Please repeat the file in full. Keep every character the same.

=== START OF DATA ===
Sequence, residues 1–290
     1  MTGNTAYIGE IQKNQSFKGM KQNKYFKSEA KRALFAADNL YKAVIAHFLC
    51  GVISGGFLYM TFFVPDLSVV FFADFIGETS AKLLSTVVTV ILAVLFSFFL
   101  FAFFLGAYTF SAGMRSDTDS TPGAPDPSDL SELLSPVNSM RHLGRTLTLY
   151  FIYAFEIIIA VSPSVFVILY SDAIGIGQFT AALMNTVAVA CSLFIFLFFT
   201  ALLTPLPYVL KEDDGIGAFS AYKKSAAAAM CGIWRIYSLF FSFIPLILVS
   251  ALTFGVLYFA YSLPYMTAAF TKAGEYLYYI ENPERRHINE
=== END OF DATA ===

Sequence, residues 1–290
     1  MTGNTAYIGE IQKNQSFKGM KQNKYFKSEA KRALFAADNL YKAVIAHFLC
    51  GVISGGFLYM TFFVPDLSVV FFADFIGETS AKLLSTVVTV ILAVLFSFFL
   101  FAFFLGAYTF SAGMRSDTDS TPGAPDPSDL SELLSPVNSM RHLGRTLTLY
   151  FIYAFEIIIA VSPSVFVILY SDAIGIGQFT AALMNTVAVA CSLFIFLFFT
   201  ALLTPLPYVL KEDDGIGAFS AYKKSAAAAM CGIWRIYSLF FSFIPLILVS
   251  ALTFGVLYFA YSLPYMTAAF TKAGEYLYYI ENPERRHINE